Around midnight on January 23rd, 1961, a lone B-52 Stratofortress bomber cruised along the American Atlantic coastline. It carried eight crewmen and two MK-39 thermonuclear warheads—each of them 250 times more powerful than the atomic bombs that devastated Hiroshima.
Despite nearing the tail-end of a 25-hour flight, its pilot, Major Walter Scott Tulloch kept a steady focus behind the yoke as he eased the ship into position behind an airborne fuel tanker.
This was their second refuel of the mission and one of hundreds he’d logged during his years as a bomber pilot. It was with little conscious effort that he held the plane perfectly steady for the tanker to guide a fuel line to its nose.
The airborne refueling process, 25-hour flight missions—none of these were a novelty to Tulloch or his crew—they’d been carrying out mirror copies of these missions for months now as part of the US nuclear response strategy: if ground forces were wiped out by a sudden nuclear attack from the Soviet Union, Major Tulloch and any other airborne bombers would launch an immediate nuclear airstrike against the motherland in retaliation—Petrov’s worst fears brought to fruition.
On this night their monotony would be broken.
A voice crackled over the cockpit radio—“Pilot, it looks like you’ve got a fuel leak coming from your right wing.”
Just after, one of the crew members reported fuel leaking into the bomb bay and soaking the wheel wells. Tulloch rattled a quick command, ordering the crew to shut off all non-essential breakers to prevent any potential sparks.
The fuel tanker detached its line from the B-25 and Tulloch banked the plane and turned the nose toward the coastline and Seymour Johnson Air Force Base in Goldsboro, North Carolina.
An eerie silence haunted the crew as their wounded ship droned over the North Carolinian countryside. In the bomb bay the two thermonuclear bombs hung in their mounts. At the front of each was a horizontal arming pin that, when removed, would activate their detonation sequence. The chain lanyards attached to the pins tinkled against the olive-green steel of the bomb casings.
Far below, Americans slept—blissfully unaware that unimaginable catastrophe was a hair’s breadth away.
About twelve miles from the base, Tulloch eased the plane below 10,000 feet and dropped the landing gears in preparation for a long, steady landing. But just as they settled into their descent path, a boom echoed through the aircraft and the yoke jerked left. Tulloch straightened it out just as another boom shuddered the plane and swung it hard right. He and the copilot both yanked as hard as they could, but it quickly became clear they had lost control of the ship. Tulloch gave the order to bail out.
He and his co-pilot Richard Rardin jumped from the aircraft in quick succession, deploying their parachutes a few hundred feet from each other. Tulloch pulled on his guide lines to spin himself around. He scanned the midnight air and saw four other parachutes including Rardin’s. He prayed the other three crew members had made it out. And then, in the blanket of sudden silence, he watched helplessly as the doomed B-25 disappeared into the darkness.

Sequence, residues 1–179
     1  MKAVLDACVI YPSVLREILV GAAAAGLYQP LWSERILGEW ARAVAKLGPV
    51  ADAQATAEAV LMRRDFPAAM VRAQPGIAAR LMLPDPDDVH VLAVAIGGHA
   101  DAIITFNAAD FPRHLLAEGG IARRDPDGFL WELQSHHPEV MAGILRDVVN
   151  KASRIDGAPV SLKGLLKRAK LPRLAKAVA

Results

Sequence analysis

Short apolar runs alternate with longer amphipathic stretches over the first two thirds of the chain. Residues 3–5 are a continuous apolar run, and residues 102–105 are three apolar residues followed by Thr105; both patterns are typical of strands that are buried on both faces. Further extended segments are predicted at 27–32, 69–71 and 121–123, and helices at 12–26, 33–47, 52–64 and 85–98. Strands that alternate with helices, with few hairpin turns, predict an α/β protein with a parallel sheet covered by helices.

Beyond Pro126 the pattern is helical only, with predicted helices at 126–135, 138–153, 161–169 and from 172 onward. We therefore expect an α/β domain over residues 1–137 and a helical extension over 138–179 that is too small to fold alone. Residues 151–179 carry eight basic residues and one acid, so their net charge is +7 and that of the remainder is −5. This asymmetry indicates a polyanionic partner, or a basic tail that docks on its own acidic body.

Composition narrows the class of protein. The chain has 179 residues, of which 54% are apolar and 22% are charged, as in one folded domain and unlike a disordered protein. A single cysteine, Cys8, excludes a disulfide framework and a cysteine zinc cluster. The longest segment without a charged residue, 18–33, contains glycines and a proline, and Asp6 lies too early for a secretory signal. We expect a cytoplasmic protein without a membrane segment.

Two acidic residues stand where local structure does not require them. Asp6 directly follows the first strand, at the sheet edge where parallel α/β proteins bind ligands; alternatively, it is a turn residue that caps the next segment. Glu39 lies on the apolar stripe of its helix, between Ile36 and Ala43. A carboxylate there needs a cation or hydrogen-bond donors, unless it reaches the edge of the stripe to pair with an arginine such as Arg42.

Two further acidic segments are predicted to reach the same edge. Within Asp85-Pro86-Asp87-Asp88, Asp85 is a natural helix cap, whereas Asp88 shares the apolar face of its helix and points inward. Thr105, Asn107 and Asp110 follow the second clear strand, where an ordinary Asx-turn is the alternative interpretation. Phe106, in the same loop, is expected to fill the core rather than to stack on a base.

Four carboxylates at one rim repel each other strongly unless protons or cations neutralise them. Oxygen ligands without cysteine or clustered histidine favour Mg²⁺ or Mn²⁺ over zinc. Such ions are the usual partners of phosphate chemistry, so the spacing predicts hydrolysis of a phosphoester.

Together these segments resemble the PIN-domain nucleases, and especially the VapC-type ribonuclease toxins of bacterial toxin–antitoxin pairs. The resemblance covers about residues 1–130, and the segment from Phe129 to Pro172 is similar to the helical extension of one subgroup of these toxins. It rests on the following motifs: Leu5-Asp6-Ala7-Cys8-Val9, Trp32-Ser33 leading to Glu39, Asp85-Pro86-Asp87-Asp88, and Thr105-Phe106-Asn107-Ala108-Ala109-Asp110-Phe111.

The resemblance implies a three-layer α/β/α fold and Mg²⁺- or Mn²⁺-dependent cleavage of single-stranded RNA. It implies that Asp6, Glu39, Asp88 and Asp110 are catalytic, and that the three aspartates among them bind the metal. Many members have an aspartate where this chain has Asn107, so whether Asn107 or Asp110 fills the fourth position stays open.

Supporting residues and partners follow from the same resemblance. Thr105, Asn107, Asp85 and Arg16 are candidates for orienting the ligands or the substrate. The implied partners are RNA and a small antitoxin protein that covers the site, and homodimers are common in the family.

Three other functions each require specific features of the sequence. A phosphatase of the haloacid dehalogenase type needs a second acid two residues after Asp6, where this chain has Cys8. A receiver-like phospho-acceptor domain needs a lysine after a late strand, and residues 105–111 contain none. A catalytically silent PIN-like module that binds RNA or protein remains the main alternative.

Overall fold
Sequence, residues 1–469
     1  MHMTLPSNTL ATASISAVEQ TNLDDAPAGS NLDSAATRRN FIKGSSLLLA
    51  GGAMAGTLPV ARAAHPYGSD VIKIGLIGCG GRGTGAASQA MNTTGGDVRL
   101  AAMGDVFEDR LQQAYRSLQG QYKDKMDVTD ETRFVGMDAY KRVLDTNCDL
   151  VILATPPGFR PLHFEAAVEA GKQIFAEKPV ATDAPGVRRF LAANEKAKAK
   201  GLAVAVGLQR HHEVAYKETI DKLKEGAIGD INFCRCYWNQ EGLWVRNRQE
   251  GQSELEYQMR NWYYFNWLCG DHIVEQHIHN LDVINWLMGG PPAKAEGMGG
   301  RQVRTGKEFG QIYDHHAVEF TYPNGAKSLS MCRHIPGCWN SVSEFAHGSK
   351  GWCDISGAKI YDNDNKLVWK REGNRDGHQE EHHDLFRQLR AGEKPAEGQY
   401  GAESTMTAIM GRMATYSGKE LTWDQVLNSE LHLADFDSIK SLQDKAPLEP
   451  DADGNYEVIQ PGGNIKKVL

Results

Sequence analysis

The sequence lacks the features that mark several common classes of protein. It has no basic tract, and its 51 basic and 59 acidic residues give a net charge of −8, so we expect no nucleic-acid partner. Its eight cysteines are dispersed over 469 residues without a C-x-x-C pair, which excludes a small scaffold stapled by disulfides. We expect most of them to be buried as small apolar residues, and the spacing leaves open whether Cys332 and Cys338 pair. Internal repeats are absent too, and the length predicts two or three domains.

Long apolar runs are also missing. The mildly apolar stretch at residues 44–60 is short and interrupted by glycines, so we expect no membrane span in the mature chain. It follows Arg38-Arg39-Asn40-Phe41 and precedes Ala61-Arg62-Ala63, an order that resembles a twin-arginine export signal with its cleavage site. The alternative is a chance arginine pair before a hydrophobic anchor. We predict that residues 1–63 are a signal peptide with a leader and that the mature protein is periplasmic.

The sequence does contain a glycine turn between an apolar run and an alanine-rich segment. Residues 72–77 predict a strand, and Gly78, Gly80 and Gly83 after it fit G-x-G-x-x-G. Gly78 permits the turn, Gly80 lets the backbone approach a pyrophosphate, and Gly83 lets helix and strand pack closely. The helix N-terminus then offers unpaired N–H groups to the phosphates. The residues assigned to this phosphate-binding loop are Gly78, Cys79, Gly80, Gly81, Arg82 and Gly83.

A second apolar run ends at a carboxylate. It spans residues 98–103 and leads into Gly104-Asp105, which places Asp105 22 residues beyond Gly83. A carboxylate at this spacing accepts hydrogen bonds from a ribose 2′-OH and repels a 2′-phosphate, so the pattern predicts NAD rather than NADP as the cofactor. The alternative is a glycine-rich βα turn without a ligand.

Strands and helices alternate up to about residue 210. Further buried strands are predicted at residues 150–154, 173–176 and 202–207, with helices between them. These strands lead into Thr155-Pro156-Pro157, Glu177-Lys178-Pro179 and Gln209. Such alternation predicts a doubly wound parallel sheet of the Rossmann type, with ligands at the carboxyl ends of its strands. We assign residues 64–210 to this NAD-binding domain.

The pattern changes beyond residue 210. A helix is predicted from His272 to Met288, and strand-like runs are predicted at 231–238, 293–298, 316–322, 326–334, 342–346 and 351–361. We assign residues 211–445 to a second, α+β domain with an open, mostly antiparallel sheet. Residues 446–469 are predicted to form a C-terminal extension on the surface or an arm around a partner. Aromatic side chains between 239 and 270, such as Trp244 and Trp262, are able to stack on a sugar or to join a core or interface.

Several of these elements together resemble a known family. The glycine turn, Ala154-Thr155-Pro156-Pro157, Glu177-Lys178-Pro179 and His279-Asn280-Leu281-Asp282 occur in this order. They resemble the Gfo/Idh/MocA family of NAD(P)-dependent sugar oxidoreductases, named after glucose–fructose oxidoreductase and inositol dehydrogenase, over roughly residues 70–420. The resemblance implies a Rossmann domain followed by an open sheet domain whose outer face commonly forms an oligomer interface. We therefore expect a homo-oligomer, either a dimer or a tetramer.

The B-25 slid into a haphazard spin. Centrifugal force pressed the three remaining crewmen against the cold fuselage as they fought for their exits. The plane creaked and moaned and the air screamed against the roar of the engines. The bombs rattled.
The airplane began to break apart over a tobacco field in Faro, North Carolina. Rivets popped and the aluminum skin on the wings and fuselage tore like tin foil. One of the bombs broke free from the bay and deployed its parachute, drifting down to land harmlessly in a tree with its arming pin safely intact.
Part of the second bomb’s mount snapped loose and the lanyard caught on a jagged spear of torn aluminum. The safety pin pulled free, arming the Bisch generator which provided the bomb’s internal power. It then broke completely free from the bomb bay and in the process extracted the deployment cable which whirred the generator to life. The warhead slipped out of the blossoming midair wreckage and began its detonation sequence. The baroswitch arming system began calculating the optimal detonation altitude to inflict maximum damage—a 100% kill zone of seventeen miles would surround the initial blast, and lethal nuclear fallout would seep through Washington, Baltimore, Philadelphia, and New York.
The precision mechanisms inside the warhead were ticking along as intended: The Bisch generator, the baroswitch arming system, high and low voltage thermal battery activation—everything except the parachute deployment. Because its chute failed to deploy, the bomb screamed into the tobacco field at 700 miles per hour and barreled into the mud, scattering debris in all directions and rocketing its plutonium core into the night air. The secondary core, comprised of weapons-grade uranium, burrowed some 200 feet into the earth.
Hours later, a recovery team led by munitions expert Lieutenant Dr. Jack ReVelle entered the crash sites and began a cleanup process that would remain shrouded in mystery for over fifty years.
The first bomb was found resting against a tree with its parachute entangled in branches. The team used a crane to ease it carefully onto a flatbed and haul it away.
At the impact site of the second bomb, they were presented with a quagmire of debris. They began to sift through the jetsam, collecting everything they could. ReVelle and his men spent two days in the tobacco field, with little food, in the freezing sleet and snow, working on shifts to dig through the wreckage.